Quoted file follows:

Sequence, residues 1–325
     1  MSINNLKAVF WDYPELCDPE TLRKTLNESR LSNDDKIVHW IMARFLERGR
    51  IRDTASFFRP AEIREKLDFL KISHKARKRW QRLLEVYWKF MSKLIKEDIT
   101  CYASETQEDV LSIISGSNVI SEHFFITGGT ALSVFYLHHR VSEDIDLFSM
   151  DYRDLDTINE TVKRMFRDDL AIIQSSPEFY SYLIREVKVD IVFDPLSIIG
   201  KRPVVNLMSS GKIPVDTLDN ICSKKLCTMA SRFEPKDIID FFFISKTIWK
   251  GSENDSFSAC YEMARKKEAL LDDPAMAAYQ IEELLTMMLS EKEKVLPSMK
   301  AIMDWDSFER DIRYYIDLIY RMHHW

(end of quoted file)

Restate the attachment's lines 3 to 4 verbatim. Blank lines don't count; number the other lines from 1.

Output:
    51  IRDTASFFRP AEIREKLDFL KISHKARKRW QRLLEVYWKF MSKLIKEDIT
   101  CYASETQEDV LSIISGSNVI SEHFFITGGT ALSVFYLHHR VSEDIDLFSM